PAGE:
Crude oil futures were lower during mid-morning trade in Asia Monday amid a build reported in the US rig count data last week while ongoing trade tensions between the US and China also pressured prices lower.  At 10:25 am Singapore time (0225 GMT), ICE April Brent crude futures were down 60 cents/b (0.97%) from Friday’s settle at $61.50/b, while the NYMEX March light sweet crude contract fell 67 cents/b (1.27%) to $52.05/b.

Data released Friday by Baker Hughes showed US oil rig count increased by seven to 854 for the week ended February 8.  An S&P Global Platts Analytics data released on Thursday showed that oil rig totals were expected to have increased by eight last week to 875, while the combined oil and gas rig count inched up by one to 1,114.

Market participants would be watching out for developments around the US and China trade talks with a meeting between high ranking officials from both countries scheduled in Beijing this week.  “With approximately two weeks to go before the deadline, any decisive conclusions from the talks will again find the far-reaching ripple effect across markets,” IG market strategist Pan Jingyi said.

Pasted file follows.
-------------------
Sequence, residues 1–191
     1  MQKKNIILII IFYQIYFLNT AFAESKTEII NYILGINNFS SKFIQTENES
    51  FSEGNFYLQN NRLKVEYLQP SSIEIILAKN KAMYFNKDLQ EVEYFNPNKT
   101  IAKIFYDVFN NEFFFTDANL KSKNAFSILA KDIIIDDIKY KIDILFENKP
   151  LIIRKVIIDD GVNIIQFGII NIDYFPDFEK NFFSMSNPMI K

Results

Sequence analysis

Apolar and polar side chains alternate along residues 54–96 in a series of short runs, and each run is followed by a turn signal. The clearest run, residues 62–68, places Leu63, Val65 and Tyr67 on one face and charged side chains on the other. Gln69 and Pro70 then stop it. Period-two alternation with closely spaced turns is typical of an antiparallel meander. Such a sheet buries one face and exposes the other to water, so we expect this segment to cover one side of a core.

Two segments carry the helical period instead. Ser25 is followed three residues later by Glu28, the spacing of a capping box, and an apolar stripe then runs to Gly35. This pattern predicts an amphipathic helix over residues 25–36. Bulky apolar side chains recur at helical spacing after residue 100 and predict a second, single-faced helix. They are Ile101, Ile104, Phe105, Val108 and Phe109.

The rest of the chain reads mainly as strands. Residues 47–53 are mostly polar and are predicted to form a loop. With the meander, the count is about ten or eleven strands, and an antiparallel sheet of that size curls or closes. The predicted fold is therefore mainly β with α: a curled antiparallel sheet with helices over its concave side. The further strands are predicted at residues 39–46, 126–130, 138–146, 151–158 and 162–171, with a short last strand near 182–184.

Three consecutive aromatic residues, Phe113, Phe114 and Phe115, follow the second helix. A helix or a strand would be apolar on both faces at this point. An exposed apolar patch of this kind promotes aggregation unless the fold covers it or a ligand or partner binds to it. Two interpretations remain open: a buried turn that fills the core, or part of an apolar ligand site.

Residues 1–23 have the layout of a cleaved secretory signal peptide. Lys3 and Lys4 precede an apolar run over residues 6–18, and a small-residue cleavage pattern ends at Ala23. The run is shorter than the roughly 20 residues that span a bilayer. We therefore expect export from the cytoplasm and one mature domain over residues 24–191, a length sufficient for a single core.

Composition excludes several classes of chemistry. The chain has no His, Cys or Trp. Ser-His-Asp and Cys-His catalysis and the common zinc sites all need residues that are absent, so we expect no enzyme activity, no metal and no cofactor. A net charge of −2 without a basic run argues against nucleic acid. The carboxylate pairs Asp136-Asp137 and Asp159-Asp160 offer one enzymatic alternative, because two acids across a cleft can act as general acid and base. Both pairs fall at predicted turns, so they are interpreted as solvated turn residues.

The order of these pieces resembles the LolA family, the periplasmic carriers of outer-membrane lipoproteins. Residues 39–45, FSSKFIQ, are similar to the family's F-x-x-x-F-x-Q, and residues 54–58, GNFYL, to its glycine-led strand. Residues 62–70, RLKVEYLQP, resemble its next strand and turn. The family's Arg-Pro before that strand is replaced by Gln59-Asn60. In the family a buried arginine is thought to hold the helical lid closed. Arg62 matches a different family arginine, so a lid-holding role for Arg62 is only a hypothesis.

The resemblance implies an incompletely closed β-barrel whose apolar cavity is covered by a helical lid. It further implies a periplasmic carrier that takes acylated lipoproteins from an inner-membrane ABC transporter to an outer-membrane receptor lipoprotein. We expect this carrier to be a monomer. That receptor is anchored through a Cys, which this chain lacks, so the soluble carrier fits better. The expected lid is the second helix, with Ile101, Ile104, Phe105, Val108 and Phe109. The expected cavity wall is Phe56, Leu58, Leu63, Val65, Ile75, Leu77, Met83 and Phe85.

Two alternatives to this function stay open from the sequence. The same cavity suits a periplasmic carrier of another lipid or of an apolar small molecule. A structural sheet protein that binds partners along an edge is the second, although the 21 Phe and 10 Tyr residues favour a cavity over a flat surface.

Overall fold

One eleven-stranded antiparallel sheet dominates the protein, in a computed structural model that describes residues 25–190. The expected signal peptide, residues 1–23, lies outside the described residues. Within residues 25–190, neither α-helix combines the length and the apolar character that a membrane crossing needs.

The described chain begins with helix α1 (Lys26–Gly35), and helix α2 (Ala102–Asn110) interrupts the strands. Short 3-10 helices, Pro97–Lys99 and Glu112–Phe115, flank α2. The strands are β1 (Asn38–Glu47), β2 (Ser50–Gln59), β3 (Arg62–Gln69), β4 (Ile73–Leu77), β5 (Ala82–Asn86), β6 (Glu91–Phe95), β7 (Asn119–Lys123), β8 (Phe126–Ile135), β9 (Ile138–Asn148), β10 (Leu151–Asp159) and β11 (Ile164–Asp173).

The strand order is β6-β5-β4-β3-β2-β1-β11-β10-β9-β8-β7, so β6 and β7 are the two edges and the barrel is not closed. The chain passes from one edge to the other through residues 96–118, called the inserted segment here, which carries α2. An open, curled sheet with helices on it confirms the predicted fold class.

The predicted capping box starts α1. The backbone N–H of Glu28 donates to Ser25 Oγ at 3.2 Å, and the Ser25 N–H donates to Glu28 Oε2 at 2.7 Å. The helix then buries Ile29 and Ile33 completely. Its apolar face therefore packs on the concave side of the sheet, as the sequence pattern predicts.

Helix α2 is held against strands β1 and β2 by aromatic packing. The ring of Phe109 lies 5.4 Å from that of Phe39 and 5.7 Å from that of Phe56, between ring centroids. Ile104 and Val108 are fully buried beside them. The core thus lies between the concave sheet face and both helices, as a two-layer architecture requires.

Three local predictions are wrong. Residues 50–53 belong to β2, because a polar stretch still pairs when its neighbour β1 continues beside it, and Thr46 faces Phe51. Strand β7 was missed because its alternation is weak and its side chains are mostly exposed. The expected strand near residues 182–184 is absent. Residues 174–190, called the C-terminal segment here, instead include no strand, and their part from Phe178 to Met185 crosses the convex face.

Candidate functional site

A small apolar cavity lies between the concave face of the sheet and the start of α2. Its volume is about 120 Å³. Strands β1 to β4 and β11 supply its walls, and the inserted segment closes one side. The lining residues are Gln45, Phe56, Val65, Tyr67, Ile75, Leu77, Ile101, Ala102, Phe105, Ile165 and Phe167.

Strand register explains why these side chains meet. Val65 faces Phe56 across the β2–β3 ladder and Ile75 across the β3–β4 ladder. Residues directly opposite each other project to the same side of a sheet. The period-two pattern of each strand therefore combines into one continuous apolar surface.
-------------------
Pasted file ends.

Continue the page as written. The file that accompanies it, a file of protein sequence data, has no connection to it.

“Growing economic concerns, falling stock markets and emerging doubts that the trade conflict between the US and China will be resolved are putting oil prices under pressure,” Commerzbank analysts said in a note.  The White House last Thursday said President Donald Trump would not meet with Chinese President Xi Jinping until after the March 1 trade deal deadline, suggesting the US would levy further tariffs on Chinese imports next month.

“The market seemed to be spooked by reports that US President Trump and his Chinese counterpart Xi would not be meeting face to face prior to the March 1 trade deal deadline,” ANZ analysts said in a note Monday.  “The wobbles around the UUS-China trade talks have not been friendly for the overall demand for crude. A poor demand outlook, strengthening US dollar and fresh doubts being cast on OPEC by the US in its ability to fix oil prices have also been instrumental factors in pressuring prices lower,” Vishnu Varathan, senior economist at Mizuho Bank, said.